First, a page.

• Ms Fan Service: Averted with Carveth. When Smith found out that Carveth was made as a custom-built sexbot, he was surprised given that she looks like a tiny woman of 28 who's only pretty in a plain way. Carveth then explains the reason why she's not a busty goddess is that her owner is an extremely nasty pervert with very specific fetishes, and her design specs came from a questionaire he filled out.
  • More Dakka: Smith fends off three marauding void sharks with a somewhat futuristic Maxim machine gun that has 999 rounds in a single magazine. The Maxim was also used to beat back a Ghast boarding party. Once Smith gets his Morgan Plainsman rifle, Carveth takes up the Maxim and goes wild with it (later on the Maxim mysteriously disappears from the series until the last books and Carveth gets stuck with a shotgun until then). For the bad guys side, the Edenites that wear powered armour also carry gatling guns as a standard weapon.
  • No-Sell: Tea with milk, is such an incredible drink that it enabled Smith to withstand an concerted mental attack from a group of psychic children. Powered by tea, Smith's moral fiber shot through the roof and shut down the voices in his head.
  • People's Republic of Tyranny: As its name suggests, the Democratic Republic of New Eden is a hellish theocratic tyranny.
    • The Greater Galactic Happiness, Friendship and Co-operation Collective is run by demented sadistic lemming men intent on conquest.
  • Power-Up Food: Why is the British Space Empire invincible? It's because of tea with a spot of milk in it. Near the beginning of Book 2, the analytical simulant mentions that tea raises moral fiber. And moral fiber is 30% more effective at raising fighting prowess than numerical superiority, good genes, fanaticism and etc. The Ghasts try to power themselves up with it, but fail despite their numerous experiments (including an attempt to mate with tea bags).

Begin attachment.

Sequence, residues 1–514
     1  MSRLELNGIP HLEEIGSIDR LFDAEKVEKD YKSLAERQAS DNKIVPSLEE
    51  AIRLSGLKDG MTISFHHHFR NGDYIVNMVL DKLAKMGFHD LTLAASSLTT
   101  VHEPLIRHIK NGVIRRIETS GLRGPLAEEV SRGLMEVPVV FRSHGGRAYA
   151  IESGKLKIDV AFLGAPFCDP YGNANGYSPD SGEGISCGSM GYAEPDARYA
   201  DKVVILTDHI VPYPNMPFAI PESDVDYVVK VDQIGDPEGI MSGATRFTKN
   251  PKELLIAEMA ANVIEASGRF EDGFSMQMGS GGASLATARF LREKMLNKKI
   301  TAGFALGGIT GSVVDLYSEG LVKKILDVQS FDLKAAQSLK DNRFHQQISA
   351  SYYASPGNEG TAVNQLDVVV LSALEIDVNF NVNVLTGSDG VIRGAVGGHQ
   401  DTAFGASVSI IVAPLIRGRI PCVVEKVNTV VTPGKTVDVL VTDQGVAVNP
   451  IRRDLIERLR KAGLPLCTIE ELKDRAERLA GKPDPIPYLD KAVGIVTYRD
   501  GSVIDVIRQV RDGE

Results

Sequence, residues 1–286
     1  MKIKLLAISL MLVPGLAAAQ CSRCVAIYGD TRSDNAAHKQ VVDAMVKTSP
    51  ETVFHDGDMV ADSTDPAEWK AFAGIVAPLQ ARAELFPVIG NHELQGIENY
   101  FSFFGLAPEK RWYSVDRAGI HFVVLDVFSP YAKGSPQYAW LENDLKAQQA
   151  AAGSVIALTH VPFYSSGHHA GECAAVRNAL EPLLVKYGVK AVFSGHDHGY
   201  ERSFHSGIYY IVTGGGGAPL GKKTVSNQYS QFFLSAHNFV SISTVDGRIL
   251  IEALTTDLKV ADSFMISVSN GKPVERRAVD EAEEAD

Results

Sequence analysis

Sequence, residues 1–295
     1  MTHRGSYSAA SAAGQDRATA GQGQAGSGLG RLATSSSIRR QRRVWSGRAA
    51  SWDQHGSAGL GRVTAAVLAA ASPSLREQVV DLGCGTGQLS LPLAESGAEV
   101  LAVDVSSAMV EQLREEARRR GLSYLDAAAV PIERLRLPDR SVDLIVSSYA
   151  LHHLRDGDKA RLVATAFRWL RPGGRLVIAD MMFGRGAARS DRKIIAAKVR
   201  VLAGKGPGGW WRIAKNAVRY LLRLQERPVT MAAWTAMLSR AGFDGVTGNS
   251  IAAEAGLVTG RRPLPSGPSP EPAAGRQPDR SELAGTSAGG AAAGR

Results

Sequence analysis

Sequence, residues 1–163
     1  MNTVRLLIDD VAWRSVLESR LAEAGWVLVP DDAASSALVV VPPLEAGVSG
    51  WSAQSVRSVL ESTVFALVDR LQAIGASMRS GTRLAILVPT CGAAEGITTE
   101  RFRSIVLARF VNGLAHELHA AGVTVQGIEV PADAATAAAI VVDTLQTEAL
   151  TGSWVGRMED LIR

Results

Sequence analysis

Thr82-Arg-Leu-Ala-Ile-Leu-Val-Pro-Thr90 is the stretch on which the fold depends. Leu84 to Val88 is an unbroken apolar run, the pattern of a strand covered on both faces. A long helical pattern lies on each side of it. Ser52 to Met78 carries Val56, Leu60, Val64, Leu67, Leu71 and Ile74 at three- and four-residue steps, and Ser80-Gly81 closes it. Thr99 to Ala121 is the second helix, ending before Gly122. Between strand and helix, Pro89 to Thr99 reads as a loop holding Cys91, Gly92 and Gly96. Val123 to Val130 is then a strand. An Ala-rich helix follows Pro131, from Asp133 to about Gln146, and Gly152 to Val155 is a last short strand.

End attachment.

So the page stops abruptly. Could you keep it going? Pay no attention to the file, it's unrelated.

• Powered Armor: The Edenites have very advanced tech, and in a shoutout to Starship Troopers, they attack the Imperials with powered armour that is capable of tremendous leaps. Unfortunately their armour is vulnerable to emp and Smith's rifle can shoot through bank vaults.
  • Proud Warrior Race Guy: The Morlocks. Suruk see the missions as holidays and opportunities to add to his collection of skulls. He never seems to use guns preferring to use his many blades and ancestral spear. Subverted with Morlock speech. In English they sound like the typical Proud Warrior Race Guy, but in Asur'ah they are, like, way more expressive, y'know?
  • Our Orcs Are Different: The Morlocks practically scream out that they're Orcs. They are large, strong and green (but skinny), they have big tusks (though with mandibles) and like collecting skulls, and in a shoutout to Warhammer 40,000, they believe that painting a ship red makes it goes faster.
  • Ramming Always Works - both the Morlocks and the Lemming-men favour this, the former because of their desire to board and engage in hand-to-hand fighting; the latter because of their suicidal tendencies - and their ships are constructed appropriately.